To Trump’s decision to stay away because of rain from a solemn occasion to honor these dead, none of us living today can offer an adequate response. So perhaps it is best to let one of the more famous of those early volunteers, Alan Seeger, deliver a rebuke from beyond the grave.
“I have a rendezvous with Death
At some disputed barricade,
When Spring comes back with rustling shade
And apple-blossoms fill the air—
I have a rendezvous with Death
When Spring brings back blue days and fair.
It may be he shall take my hand
And lead me into his dark land
And close my eyes and quench my breath—
It may be I shall pass him still.
I have a rendezvous with Death
On some scarred slope of battered hill,
When Spring comes round again this year
And the first meadow-flowers appear.
God knows ’twere better to be deep
Pillowed in silk and scented down,
Where Love throbs out in blissful sleep,
Pulse nigh to pulse, and breath to breath,
Where hushed awakenings are dear …
But I’ve a rendezvous with Death
At midnight in some flaming town,
When Spring trips north again this year,
And I to my pledged word am true,
I shall not fail that rendezvous.”
Cleber da Silva Costa, the miner who brought the bounty, said he knew what he and his fellow miners were doing was illegal and harmful to the environment. Yet he argued that his crime was merely a symptom of more egregious wrong.
“If you didn’t have so many corrupt people in Congress, you might be able to consider preserving the environment,” he said.
Mr. da Silva, 47, a miner with three children, said the camp was doing more to preserve than destroy indigenous communities.
“The little they have today is from miners,” he said. “The government doesn’t help. All the money gets stolen. We may be in the wrong. But out here, it’s the law of survival.”
The White House is a lousy source of information about itself, but it is also the best available source. The real story of Trumpism is probably found not in the White House or even in Washington but in Ohio, in Texas, along the Mexican border, in refugee camps the world over, in Afghanistan, in Yemen, and in the Palestinian territories. But the story of how the Administration functions must still be observed up close. Walking away would give this White House exactly what it wants: less contact with the media, less visibility, ever less transparency and accountability. Walking away would feel good, but it would ultimately be a loss. Would the loss in information be greater than the gain in solidarity? That’s a hard question, but my guess is that the answer is yes.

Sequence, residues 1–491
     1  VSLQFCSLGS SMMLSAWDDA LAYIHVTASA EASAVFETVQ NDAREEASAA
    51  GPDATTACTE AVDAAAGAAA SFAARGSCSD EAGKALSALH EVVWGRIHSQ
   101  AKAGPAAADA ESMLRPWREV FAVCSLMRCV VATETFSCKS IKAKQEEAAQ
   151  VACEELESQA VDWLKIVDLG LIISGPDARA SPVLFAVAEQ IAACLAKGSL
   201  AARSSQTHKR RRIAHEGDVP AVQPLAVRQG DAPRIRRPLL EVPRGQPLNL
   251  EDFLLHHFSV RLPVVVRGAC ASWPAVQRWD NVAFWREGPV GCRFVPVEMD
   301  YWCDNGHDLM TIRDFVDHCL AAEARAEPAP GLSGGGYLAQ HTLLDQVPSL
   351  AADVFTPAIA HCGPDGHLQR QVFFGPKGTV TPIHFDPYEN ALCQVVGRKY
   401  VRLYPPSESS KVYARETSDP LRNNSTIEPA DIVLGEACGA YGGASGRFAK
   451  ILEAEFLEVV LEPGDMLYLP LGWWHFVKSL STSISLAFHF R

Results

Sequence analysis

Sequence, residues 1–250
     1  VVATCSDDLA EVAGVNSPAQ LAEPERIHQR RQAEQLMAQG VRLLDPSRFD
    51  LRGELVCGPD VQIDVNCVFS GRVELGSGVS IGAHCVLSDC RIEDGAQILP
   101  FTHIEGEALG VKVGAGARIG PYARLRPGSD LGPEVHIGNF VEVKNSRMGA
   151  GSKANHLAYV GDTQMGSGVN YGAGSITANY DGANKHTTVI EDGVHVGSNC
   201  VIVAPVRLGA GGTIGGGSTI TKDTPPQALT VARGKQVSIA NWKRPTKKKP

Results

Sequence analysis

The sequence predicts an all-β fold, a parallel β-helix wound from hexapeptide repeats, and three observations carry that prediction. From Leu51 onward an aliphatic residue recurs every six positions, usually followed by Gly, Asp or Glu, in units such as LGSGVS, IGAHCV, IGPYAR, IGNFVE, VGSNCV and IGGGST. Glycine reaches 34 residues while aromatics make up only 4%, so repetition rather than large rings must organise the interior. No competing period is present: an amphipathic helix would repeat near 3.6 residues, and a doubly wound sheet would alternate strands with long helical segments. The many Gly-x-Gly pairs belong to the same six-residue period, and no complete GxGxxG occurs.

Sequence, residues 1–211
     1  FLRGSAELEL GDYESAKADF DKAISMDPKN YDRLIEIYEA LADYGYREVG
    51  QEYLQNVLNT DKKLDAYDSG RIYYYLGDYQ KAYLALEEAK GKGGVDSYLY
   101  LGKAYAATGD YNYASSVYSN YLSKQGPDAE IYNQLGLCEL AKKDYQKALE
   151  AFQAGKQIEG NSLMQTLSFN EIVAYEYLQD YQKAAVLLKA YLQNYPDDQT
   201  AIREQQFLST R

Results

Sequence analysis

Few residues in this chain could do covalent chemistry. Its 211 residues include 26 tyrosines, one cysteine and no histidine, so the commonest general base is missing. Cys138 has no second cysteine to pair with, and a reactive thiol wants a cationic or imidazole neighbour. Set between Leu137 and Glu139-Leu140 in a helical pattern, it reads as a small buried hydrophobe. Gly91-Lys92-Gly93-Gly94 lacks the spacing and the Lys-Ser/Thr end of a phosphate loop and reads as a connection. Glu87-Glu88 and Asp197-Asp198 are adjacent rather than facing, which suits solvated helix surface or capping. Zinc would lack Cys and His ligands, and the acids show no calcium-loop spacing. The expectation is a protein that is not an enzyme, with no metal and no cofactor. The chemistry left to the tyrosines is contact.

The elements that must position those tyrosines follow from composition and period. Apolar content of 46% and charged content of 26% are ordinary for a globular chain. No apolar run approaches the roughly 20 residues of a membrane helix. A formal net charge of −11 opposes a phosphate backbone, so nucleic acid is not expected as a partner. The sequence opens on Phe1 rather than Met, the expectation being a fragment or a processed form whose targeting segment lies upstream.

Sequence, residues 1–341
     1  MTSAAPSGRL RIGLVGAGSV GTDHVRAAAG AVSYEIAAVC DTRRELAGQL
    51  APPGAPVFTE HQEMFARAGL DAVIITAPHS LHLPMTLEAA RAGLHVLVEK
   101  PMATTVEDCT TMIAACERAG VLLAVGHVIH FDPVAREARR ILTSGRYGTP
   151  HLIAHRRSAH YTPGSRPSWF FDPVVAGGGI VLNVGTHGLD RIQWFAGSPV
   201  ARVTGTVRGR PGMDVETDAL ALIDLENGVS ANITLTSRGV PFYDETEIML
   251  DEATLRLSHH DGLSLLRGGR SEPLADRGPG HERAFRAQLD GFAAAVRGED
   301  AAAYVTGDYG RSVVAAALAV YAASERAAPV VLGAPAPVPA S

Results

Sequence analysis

A note from Karen Attiah, Global Opinions editor :
I received this column from Jamal Khashoggi’s translator and assistant the day after Jamal was reported missing in Istanbul. The Post held off publishing it because we hoped Jamal would come back to us so that he and I could edit it together. Now I have to accept: That is not going to happen. This is the last piece of his I will edit for The Post. This column perfectly captures his commitment and passion for freedom in the Arab world. A freedom he apparently gave his life for. I will be forever grateful he chose The Post as his final journalistic home one year ago and gave us the chance to work together.
And he thinks: Can I possibly work for such a regime, and still look at myself in the mirror each morning?
Which is the question that we, as a nation, must ask ourselves now. Even if we still needed Saudi Arabia’s oil, which we do not; even if Saudi Arabia was a strong and principled ally in the region, which it is not; even if it helped push the Palestinians toward peace, or kept its promises in Yemen, or bought the weapons that Trump thinks it is going to buy. . . . No matter what Saudi Arabia offered, could its supposed friendship be worth shrugging off the ensnaring and killing of a critic whose only offense was to tell the truth?
As the rapper Jidenna tweeted, “For those who are so woke that their compassion is asleep, remember this…if Malcolm X was killed at the age of 20, he would have died an abuser, a thief, an addict, and a narrow-minded depressed & violent criminal. So, I believe in change for the young.” His point is not to equate XXXTentacion with Malcolm X, but to put some perspective that young and lost souls can sometimes evolve into something greater given the opportunity. Whether XXXTentacion would have made good for his wrongs we’ll never know.
XXXTentacion may have spent his career trying to convince his most ardent young fans that they’re worth more than they believe, but his legacy—of trauma endured and seemingly unrepentantly inflicted—reminds us that worth has never been distributed evenly.